ARRT Adopts New Regulations for Certification Examinations
Please note: this article was written and published prior to the official name change that occurred on 8/13/12. Florida Hospital College of Health Sciences is now Adventist University of Health Sciences.
Beginning in 2015, the American Registry of Radiologic Technologists will require candidates for certification in radiography, nuclear medicine, magnetic resonance imaging, sonography, and radiation therapy to possess at least an associate degree from an accredited institution. A degree in any field will meet the ARRT Board of Trusteesâ€™ new requirement, however the candidate must have been awarded the degree to be eligible to take a certification examination.
The ARRT Board of Trustees formally adopted the requirement at it its July 2009 meeting, after nearly a year-long period of formal consideration and several years of less formal discussion. Michael DelVecchio, a member of the ARRT Board of Trustees, said that the new educational requirements will help ensure that radiologic professionals are well-prepared to deliver the high standards of patient care that the ARRT promotes.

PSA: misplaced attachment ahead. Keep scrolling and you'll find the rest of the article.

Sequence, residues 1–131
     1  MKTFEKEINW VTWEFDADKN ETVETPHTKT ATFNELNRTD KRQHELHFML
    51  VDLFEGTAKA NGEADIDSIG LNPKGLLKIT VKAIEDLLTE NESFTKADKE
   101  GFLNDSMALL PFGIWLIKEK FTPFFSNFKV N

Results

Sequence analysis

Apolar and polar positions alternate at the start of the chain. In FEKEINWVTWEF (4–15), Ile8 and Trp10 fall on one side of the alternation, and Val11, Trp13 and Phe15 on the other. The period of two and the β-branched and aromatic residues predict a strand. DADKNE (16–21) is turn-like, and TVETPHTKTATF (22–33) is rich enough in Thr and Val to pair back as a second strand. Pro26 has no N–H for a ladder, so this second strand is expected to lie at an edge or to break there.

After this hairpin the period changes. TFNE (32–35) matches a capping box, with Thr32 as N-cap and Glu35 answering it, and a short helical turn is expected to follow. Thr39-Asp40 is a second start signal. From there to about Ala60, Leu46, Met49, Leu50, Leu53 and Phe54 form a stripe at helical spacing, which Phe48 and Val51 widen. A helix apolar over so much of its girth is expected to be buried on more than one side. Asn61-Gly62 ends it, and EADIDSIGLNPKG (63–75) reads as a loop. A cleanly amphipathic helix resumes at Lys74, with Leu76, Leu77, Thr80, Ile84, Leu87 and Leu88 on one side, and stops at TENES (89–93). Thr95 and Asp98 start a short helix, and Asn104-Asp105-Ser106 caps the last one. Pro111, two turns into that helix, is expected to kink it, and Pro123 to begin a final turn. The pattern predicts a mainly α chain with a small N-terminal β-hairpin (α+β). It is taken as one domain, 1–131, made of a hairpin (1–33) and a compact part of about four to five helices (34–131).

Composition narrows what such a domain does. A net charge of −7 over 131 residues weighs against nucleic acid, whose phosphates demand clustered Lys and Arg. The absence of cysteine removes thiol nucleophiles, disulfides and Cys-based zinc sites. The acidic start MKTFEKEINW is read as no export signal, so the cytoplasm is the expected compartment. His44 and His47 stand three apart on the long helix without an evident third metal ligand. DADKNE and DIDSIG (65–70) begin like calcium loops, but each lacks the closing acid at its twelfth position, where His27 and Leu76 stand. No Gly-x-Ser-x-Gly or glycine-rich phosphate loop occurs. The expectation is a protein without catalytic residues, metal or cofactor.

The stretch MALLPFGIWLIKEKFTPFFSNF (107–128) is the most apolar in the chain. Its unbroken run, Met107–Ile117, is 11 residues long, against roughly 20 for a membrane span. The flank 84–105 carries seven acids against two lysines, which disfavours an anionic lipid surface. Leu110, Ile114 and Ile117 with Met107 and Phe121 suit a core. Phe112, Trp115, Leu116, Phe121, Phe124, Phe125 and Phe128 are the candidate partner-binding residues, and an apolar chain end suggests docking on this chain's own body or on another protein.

Genese Gibson MA, RT (R) (M) (QM), Chair of the Department of Radiologic Sciences at the Florida Hospital College of Health Sciences (FHCHS) welcomes the new requirements. “The decision to move the minimum requirement from a certificate to an associate degree in Radiologic Technology is a significant milestone in our profession. At FHCHS, one of our primary goals is to position our radiography students to pursue life-long learning. The ARRT decision is a necessary step for the future of medical imaging professionals on the path to achieve this goal.”
Ms. Gibson says that the new education requirements simply reflect the reality of the field of radiologic sciences. “I believe the recommendation is based on the emerging knowledge and skills that is required to perform in this discipline. The requisite skills and knowledge to be competent in this field have evolved from what was required two decades ago,” says Gibson. “We require not only critical thinking skills but a broad base of analytical and technical knowledge that has transcended the previous requirements.”
Gibson believes the two-year degree requirement is just the first step in strengthening the educational requirements for certification. “At FHCHS, we provide students with the ability to further their education with programs that suit working professionals.” FHCHS pioneered distance learning programs and online degrees for medical imaging professionals, and enables non-traditional students to pursue higher education. “We are very pleased with the results of our on-campus and online radiography degree programs. We will continue to support regulations aimed at expanding educational opportunities for medical imaging professionals,” says Gibson.
Prospective students who would like more information about nursing and allied health education programs should visit the University’s Web site at online.adu.edu.